Monday, September 13, 2010

Treasures from the threads - Number forty-seven

On the Basel bulls**t to an article in the Daily Telegraph. Try the blog link at the very end - Good Stuff from a former World Bank Executive Director:
33 minutes ago
Recommended by 2 person
In Basel III, as in Basel II, the capital requirements are still set “in relation to risk-weighted assets (RWAs)” even though it was the risk weights which proved to be most wrong. It was a low risk weight of only 20% which generated a capital requirement of only 1.6 percent (.08 x .2) allowing banks to leverage 62.5 times to 1, which drove the banks to stampede after the triple-A rated securities collateralized with lousily awarded mortgages to the subprime sector. Also if a bank lends to a small business then it needs 8 percent in capital but if it instead lends that money to the government of a sovereign rated AAA to AA then the bank needs no capital for the risk-weighted assets since the weight is 0%... lunacy! Since the risk weights have not been modified at all in Basel III, let me assure you that the Basel Committee still has no idea about what they are doing. Frightening! Basel III does mention that “These capital requirements are supplemented by a non-risk-based leverage ratio that will serve as a backstop to the risk-based measures described” but since that supplement seemingly will be small and what really counts are the marginal capital requirements for different assets Basel III does not provide a solution. The Basel Committee is still so fixated with looking at the gorilla called “perceived risk” so as to completely lose track of the ball. No financial or bank crisis has ever occurred from something ex-ante perceived as risky they have all resulted, no exceptions, from excessive lending or investment in something perceived as not risky. Basel III still constitutes an arbitrary and regressive discrimination of small businesses and entrepreneurs whose needs we in fact most want our banks to attend. With the same risk-weight discriminations, the higher the capital requirements are, the higher the real effective discrimination. Banks were authorized by the Basel Committee to lend to Greece leveraging 62.5 to 1! Now even after being sunk, we are still in the hands of exactly the same banks with exactly the same regulators following exactly the same fundamentally faulty regulatory paradigm… Help! Per Kurowski A former Executive Director at the World Bank (2002-2004)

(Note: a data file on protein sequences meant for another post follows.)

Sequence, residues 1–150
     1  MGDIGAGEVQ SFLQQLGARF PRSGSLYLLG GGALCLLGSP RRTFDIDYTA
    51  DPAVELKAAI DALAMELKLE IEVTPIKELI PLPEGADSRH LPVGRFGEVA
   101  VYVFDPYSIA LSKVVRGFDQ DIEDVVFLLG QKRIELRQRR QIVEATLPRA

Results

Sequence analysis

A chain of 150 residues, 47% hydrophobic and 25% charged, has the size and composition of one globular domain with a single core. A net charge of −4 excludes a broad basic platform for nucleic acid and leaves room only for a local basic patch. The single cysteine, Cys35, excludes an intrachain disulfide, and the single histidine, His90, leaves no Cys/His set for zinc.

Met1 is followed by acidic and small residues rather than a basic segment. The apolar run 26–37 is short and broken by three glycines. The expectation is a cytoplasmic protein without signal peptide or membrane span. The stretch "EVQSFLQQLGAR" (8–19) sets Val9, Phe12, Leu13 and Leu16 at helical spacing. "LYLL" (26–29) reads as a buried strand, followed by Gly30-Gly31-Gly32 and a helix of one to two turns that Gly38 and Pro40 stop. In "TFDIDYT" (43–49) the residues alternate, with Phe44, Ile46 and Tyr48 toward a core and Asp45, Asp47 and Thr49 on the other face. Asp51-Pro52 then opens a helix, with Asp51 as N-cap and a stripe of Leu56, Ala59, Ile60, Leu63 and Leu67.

Post a Comment

<< Home